Iacobelli’s wit churns out surprising one-liners: debt is ” a sea weighed down/ by its own salt”; nostalgia is “hope walking backwards.” These are very satisfying to read. But, at the heart of his book, is Iacobelli’s effort to articulate why the gambler is driven to take risks after losing. He asks whether it is a “genetic disposition…/or chemical wave washing the brain”? If so, is gambling a vice or a disease? He doesn’t settle on either of these alternatives. Rather, he moves the issue to the spiritual level: taking a gamble is “an attempt to outrun the weight/return to the original lightness.” If that is the case, who can point the finger at “tossing dice for the last time/ a sick old yellow man wears an oxygen mask/ and who is to blame him….” Iacobelli’s art is both ruthless and compassionate. If I had to choose a single word to describe the poetry of Dolor Midnight,”  that word would be ‘redemptive.’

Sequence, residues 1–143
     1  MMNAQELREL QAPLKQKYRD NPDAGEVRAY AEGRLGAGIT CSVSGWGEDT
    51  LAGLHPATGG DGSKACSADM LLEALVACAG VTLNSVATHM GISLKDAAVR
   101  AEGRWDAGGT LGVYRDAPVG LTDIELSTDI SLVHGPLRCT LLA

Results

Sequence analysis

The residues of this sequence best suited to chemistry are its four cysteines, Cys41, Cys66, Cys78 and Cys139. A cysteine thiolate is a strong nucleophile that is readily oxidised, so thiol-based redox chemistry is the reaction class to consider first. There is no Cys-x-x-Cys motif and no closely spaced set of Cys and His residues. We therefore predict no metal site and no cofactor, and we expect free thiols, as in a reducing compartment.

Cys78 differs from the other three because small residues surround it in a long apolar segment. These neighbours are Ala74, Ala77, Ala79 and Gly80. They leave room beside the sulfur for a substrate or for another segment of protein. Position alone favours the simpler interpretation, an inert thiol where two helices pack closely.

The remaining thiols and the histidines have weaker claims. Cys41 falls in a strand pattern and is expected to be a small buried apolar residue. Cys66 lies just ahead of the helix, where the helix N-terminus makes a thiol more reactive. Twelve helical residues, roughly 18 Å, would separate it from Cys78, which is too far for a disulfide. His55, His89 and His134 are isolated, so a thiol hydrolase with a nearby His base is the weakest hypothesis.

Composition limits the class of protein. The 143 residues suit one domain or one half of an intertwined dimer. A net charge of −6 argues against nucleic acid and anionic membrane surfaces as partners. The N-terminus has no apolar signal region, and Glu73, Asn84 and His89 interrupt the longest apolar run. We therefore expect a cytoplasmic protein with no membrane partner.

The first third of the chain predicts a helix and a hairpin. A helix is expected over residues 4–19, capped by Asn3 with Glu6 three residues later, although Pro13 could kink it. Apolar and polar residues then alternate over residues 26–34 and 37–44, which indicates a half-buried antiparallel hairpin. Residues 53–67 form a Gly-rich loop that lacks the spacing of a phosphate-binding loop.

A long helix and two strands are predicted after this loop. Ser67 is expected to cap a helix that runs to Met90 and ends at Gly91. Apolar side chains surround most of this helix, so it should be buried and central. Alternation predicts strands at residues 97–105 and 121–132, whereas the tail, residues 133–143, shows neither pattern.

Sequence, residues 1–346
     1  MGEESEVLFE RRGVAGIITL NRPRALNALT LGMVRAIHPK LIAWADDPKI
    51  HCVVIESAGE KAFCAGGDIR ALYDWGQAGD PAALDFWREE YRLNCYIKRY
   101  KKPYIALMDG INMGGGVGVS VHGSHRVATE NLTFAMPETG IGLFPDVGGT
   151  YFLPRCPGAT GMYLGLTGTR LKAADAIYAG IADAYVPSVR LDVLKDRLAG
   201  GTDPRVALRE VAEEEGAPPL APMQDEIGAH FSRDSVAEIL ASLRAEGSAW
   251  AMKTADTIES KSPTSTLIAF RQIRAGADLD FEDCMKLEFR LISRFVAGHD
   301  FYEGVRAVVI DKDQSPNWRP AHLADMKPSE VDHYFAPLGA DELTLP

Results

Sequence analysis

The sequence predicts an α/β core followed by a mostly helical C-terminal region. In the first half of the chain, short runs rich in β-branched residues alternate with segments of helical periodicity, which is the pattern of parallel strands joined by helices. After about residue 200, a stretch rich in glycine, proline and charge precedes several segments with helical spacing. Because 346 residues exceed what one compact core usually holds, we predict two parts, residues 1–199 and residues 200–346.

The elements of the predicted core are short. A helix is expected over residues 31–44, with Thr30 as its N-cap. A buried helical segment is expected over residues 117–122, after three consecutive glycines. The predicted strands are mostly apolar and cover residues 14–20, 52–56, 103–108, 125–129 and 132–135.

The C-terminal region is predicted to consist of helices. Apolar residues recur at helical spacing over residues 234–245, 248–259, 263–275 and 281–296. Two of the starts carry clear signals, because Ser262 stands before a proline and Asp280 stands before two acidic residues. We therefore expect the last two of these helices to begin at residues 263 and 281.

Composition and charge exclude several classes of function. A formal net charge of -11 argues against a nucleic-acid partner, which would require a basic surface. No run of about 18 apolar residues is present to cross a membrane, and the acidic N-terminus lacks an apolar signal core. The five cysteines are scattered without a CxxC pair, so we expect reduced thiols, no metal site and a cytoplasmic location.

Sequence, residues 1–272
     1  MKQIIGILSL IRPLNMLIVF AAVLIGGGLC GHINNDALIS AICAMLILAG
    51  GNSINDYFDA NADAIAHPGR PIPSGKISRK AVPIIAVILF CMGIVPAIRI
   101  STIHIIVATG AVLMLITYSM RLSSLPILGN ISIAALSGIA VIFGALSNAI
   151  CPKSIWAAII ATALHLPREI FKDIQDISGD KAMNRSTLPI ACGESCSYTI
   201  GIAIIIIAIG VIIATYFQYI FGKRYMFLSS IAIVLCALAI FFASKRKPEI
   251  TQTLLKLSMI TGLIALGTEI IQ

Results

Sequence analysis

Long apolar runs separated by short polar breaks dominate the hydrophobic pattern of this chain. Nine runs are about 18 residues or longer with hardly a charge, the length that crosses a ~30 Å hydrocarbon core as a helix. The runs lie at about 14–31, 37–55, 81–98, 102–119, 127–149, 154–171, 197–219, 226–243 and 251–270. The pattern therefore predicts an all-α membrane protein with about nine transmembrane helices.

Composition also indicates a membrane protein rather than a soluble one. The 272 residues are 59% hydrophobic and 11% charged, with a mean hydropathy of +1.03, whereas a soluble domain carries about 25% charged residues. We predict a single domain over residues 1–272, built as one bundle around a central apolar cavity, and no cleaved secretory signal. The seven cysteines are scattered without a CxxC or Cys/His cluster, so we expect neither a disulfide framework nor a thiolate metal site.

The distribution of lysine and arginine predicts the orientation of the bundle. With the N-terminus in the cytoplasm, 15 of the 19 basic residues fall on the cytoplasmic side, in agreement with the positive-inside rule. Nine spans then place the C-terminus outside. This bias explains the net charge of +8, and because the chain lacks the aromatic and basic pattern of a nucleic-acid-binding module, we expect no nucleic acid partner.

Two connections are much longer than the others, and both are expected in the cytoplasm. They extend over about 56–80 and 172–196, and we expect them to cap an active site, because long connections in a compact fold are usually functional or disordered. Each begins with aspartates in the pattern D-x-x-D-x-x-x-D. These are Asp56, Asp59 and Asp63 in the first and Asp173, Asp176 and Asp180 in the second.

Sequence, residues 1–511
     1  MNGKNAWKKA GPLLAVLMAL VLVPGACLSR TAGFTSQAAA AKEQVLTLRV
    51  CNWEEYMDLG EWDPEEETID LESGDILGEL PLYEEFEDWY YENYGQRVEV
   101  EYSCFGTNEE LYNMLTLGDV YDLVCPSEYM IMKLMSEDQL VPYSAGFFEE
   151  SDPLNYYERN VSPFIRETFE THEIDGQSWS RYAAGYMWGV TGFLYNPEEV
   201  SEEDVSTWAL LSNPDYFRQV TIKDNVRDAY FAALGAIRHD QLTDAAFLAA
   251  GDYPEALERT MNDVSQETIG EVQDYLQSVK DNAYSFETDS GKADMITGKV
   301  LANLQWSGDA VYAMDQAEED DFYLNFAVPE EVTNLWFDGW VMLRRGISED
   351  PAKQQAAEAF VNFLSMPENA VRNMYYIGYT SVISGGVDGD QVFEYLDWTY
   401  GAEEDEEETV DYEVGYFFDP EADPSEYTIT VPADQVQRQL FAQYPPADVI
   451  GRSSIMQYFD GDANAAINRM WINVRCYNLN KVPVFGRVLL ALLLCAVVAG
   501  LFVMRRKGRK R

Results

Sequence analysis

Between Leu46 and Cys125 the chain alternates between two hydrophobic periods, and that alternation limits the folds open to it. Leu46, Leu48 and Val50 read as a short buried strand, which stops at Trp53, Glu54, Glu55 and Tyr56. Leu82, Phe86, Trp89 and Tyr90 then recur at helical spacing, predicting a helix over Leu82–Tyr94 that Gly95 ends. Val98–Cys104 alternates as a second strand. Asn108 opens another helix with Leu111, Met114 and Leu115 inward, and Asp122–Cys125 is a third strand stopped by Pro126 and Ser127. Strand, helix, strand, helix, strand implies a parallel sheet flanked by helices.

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Review of Valentino Assenza’s THROUGH PAINTED EYES

Valentino Assenza, Through Painted Eyes, Piquant Press, $19.95

Here are some admirable lines from Through Painted Eyes, Valentino Assenza’s first full-length collection of poems: “that precious/subliminal taste/of the past through/my senses.” These lines say that though his form resembles chopped prose, the lines are in fact made up of ‘spoken word’ held together by the real voice of a sensitive personality. Assenza’s memories come through his senses, and this conveys the livingness of the episodes and characters making up his personal epic journey into the past. Whether he is chronicling growing up with his mother in Toronto neighbourhoods, or among relatives in Sicily where he spent summers with his father, Assenza’s memories carry with them a sense of life: “my father peeling/me a cucumber from/the garden,/ and a lizard/crawling across a stone wall.”